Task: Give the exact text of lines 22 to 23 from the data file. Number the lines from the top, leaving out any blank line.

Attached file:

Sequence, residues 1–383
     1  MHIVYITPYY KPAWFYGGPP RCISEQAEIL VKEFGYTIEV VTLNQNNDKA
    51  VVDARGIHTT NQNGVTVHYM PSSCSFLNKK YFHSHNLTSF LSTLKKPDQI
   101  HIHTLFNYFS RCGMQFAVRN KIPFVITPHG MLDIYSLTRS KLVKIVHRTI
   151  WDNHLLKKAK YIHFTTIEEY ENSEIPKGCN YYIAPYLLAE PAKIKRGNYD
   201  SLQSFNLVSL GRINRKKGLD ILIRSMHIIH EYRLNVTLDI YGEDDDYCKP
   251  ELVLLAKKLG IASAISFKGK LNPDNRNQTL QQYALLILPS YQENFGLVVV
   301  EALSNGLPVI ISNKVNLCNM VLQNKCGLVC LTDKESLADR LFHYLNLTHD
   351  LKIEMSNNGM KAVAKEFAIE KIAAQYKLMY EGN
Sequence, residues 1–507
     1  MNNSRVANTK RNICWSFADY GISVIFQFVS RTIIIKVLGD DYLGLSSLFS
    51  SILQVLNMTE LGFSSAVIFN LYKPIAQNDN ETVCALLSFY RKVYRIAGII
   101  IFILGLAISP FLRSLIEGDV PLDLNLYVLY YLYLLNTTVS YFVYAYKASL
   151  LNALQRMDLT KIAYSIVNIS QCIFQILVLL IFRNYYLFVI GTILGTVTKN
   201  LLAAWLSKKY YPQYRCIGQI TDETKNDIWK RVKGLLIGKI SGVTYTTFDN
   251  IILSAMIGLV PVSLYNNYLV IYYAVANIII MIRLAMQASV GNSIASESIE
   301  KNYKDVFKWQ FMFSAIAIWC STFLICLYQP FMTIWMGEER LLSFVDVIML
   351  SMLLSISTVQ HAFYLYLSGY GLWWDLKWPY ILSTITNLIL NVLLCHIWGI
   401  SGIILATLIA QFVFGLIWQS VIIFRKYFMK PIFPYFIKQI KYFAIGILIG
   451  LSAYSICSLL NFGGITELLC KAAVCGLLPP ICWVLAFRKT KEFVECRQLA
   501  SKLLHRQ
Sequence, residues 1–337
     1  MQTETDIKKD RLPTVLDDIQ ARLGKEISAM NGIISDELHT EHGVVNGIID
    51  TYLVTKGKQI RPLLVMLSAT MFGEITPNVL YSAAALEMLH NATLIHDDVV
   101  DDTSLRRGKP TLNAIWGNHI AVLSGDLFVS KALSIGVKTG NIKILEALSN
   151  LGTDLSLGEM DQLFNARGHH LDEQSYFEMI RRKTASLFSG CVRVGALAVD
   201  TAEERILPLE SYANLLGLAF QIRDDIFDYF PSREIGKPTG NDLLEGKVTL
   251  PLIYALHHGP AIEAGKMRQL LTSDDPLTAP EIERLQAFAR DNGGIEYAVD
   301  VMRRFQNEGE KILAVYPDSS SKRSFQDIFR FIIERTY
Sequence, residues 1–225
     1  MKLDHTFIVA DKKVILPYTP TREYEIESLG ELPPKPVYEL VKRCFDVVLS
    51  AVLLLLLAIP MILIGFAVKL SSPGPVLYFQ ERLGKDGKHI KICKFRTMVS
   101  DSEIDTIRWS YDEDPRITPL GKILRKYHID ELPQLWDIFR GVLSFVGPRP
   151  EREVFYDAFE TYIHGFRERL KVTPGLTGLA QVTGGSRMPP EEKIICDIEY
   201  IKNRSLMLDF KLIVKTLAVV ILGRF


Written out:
Sequence, residues 1–337
     1  MQTETDIKKD RLPTVLDDIQ ARLGKEISAM NGIISDELHT EHGVVNGIID